Dress Code presents five contemporary artists – Gerwyn Davies, Hannah Gartside, Lisa Hilli, Grace Lillian Lee and Emily McGuire – exploring fashion as the material embodiment of culture, gender and historical identity.
Dress Code merges art, design, craft and fashion to investigate the diversity of cultural approaches to making, wearing and buying across the Asia Pacific, and how performing these acts frames our communal and individual identities.
Dress Code features newly commissioned work by Hannah Gartside, Emily McGuire and Grace Lillian Lee. The new works extend each of the artists’ ongoing investigations of collaboration, consumerism and identity within the context of fashion through artwork, installation and photography.
The exhibition will also showcase signature works from Gerwyn Davies’ decade-long career, alongside an installation by Lisa Hilli.
Gerwyn will be Artist-in-Residence at the Museum from 29 October – 23 November 2018. During his residency he will create a series of costume and still-life photographic works in response to the Museum of Brisbane Collection. Visitors are encouraged to engage with Gerwyn, to debate and discuss the social and cultural dimensions of fashion and identity.
Dress Code is part of the Museum’s celebration of art / fashion / culture this summer, complementing our major exhibition The Designers’ Guide: Easton Pearson Archive by revealing how contemporary designers and artists are responding to topics of slow fashion, ethical collaboration and sustainability.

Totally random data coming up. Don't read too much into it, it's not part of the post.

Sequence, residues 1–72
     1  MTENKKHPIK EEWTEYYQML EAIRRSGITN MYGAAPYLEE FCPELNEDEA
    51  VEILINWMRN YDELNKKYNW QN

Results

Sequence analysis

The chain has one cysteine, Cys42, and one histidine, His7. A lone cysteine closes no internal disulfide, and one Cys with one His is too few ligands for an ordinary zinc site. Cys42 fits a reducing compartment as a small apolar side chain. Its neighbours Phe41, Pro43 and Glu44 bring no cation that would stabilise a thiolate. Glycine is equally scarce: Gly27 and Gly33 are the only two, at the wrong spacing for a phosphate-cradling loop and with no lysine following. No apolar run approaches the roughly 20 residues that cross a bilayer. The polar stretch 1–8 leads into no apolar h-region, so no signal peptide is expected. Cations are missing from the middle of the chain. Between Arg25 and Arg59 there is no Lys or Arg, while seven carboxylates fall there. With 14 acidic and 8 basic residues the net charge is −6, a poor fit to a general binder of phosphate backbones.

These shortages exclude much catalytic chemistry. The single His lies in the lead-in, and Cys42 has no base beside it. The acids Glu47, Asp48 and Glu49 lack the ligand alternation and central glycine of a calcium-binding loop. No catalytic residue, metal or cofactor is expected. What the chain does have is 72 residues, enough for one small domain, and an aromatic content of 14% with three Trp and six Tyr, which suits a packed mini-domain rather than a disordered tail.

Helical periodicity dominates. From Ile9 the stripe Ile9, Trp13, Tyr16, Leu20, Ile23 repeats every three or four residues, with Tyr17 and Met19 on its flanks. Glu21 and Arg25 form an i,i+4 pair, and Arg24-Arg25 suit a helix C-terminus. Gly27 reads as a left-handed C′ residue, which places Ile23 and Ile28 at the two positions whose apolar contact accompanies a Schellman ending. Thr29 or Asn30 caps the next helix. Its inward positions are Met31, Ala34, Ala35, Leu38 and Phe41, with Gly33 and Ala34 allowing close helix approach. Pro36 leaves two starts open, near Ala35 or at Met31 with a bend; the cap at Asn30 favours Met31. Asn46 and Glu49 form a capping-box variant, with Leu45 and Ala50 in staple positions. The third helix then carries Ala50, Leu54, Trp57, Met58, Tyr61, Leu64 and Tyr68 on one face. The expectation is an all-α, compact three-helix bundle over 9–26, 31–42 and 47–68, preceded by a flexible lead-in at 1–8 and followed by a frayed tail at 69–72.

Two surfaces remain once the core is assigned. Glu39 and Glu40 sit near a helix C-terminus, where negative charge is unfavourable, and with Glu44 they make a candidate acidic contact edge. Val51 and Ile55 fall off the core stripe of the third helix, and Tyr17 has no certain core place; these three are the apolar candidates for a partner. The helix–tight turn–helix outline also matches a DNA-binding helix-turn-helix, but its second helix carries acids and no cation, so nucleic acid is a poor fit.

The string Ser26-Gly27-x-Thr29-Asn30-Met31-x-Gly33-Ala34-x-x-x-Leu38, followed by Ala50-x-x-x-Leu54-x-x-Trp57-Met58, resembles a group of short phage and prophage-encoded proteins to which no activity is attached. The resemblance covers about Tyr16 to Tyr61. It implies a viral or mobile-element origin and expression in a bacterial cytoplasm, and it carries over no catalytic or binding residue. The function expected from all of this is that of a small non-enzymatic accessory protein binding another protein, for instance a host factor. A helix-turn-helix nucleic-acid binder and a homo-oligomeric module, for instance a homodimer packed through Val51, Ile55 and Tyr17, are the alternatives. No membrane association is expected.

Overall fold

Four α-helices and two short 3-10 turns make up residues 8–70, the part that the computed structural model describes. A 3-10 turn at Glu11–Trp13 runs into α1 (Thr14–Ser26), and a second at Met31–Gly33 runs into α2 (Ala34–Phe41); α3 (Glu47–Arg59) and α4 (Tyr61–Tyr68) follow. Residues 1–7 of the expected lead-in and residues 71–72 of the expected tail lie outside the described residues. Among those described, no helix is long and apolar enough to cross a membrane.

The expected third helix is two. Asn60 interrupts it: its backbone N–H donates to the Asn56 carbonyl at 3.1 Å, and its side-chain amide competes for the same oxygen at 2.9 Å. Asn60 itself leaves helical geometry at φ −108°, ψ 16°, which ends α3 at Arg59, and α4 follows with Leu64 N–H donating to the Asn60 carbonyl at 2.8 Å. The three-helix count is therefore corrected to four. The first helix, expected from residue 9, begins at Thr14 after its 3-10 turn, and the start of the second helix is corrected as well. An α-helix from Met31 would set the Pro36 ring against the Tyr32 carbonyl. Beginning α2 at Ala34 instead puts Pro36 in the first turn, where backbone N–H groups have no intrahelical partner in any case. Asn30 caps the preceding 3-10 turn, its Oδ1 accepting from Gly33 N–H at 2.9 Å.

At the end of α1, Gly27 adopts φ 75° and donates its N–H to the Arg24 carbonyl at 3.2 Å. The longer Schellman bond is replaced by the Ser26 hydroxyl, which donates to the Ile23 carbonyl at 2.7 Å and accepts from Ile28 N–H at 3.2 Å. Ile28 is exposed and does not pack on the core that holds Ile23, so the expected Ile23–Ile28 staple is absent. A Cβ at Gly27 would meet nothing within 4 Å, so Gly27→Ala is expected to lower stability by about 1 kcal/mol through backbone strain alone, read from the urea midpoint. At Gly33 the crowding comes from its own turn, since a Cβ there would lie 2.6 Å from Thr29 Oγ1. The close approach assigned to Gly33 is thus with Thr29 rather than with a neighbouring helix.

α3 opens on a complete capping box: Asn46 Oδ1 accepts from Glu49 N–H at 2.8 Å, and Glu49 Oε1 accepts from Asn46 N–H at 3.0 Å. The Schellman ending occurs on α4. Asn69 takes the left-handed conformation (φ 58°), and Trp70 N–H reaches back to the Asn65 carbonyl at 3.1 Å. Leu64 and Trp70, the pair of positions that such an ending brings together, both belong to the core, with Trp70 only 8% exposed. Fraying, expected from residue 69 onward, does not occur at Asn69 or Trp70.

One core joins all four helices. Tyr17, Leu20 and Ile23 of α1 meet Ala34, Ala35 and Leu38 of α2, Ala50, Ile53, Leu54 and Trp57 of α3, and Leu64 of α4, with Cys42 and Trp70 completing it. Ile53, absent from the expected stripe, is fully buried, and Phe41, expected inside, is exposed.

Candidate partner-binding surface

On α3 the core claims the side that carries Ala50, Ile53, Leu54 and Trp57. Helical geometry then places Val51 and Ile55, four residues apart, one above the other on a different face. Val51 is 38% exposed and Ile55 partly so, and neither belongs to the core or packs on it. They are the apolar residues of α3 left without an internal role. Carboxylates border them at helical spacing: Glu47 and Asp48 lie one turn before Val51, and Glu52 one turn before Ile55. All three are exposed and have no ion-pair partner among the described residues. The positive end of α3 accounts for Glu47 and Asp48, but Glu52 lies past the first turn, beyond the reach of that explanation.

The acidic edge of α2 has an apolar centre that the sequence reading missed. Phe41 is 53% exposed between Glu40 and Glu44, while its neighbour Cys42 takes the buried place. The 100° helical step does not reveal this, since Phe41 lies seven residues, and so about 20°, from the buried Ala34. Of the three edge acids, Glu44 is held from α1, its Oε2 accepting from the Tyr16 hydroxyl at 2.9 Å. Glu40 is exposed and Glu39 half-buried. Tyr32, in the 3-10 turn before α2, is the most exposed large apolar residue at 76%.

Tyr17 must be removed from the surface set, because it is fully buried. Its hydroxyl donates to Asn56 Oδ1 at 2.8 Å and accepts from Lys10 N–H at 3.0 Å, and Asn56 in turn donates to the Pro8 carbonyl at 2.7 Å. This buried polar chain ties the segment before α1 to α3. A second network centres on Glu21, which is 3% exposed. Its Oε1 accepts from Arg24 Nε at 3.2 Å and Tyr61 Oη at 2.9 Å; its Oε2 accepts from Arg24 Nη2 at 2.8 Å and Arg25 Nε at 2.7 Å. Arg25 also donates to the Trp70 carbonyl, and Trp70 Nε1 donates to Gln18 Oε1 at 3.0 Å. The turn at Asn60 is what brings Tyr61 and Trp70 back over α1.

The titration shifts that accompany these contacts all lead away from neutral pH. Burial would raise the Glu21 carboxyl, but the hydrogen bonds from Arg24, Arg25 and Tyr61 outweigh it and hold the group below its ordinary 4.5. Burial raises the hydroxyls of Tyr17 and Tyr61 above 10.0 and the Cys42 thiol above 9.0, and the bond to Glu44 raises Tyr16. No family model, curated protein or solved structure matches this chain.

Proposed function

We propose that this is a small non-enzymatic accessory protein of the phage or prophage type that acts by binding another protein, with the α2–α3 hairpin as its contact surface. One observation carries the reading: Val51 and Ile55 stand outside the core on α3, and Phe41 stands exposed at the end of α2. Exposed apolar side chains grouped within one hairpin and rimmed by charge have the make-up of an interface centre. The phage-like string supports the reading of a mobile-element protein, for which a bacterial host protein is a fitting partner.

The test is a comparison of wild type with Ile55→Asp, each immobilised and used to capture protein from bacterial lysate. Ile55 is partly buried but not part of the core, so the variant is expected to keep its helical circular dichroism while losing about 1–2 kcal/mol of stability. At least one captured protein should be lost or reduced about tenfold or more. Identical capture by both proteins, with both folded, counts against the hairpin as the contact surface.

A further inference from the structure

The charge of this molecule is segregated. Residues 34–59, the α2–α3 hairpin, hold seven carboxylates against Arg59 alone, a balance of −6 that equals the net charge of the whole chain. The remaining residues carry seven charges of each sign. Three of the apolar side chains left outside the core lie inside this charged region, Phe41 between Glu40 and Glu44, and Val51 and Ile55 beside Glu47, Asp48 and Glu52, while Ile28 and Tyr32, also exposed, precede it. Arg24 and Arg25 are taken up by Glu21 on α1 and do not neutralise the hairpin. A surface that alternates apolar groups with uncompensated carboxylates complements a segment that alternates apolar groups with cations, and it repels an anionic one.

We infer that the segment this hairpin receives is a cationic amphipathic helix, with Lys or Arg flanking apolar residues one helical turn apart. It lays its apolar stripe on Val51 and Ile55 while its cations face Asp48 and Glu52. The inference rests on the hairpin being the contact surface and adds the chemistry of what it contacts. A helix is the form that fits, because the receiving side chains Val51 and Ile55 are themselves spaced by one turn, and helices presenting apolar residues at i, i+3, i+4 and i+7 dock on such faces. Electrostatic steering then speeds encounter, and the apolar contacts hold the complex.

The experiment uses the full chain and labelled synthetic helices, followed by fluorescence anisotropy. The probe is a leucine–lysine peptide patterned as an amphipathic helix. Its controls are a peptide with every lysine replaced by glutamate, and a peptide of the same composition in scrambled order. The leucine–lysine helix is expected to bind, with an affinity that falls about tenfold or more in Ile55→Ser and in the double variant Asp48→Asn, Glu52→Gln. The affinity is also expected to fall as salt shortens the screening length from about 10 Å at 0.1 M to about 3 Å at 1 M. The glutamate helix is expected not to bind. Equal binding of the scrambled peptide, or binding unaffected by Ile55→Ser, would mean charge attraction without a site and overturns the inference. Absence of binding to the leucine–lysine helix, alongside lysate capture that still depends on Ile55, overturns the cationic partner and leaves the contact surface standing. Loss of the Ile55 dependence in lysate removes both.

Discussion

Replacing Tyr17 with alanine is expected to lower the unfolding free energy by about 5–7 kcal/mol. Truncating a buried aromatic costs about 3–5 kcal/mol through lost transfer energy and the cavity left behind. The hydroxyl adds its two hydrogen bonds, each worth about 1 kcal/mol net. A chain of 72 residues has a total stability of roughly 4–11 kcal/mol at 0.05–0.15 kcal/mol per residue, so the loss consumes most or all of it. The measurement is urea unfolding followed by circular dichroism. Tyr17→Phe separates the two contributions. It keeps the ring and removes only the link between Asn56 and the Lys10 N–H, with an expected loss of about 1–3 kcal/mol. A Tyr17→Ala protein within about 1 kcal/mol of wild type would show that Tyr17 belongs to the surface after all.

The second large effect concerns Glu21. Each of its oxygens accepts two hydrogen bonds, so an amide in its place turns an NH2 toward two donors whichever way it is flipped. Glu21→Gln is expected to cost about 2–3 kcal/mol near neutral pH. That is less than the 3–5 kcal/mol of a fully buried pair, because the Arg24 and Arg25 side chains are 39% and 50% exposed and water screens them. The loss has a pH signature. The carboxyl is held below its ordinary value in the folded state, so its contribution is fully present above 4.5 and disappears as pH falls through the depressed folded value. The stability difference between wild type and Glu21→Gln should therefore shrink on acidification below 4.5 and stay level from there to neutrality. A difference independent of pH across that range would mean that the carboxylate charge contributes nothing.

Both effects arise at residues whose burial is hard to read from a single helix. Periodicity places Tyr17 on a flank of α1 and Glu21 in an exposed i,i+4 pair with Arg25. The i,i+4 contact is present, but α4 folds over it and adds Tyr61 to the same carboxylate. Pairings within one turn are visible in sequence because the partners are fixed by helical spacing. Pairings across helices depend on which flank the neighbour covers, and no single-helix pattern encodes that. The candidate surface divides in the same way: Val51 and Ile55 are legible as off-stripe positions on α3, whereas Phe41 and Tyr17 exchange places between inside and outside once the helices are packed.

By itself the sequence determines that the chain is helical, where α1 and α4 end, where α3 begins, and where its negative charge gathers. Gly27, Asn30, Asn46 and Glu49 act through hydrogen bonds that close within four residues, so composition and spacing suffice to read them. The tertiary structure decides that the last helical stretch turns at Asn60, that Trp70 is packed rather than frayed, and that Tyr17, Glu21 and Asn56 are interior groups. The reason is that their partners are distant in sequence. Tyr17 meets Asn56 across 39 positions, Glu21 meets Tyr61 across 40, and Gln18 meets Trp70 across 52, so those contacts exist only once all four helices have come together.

Combining constructed photography and costume making, Gerwyn’s work is an ongoing inventory of characters that are assembled, worn and staged for the camera in an expanded and performative approach to image making.
Hannah uses deconstructed dressmaking practices to explore ideas of the feminine and the human condition. Hannah collects and repurposes everyday materials and draws from dressmaking, costume making and patchwork quilting processes.
Lisa Hilli is a contemporary artist whose work focuses on the representation of the black female body and adornment as ongoing themes that allow her to explore, combine and disrupt the confines of photographic and textile practices.
Grace Lillian Lee
Grace is best known for her stunning wearable artworks that merge Torres Strait Islander weaving traditions with contemporary fashion practice. By mentoring and collaborating with communities, Grace practices cultural craftsmanship in contemporary forms to both inspire and inform.
Emily is an artist, writer and early career researcher in contemporary fashion practice. With a background in fashion design her work explores the complex relationship between fashion, sustainability and female identity using textiles and secondhand clothing.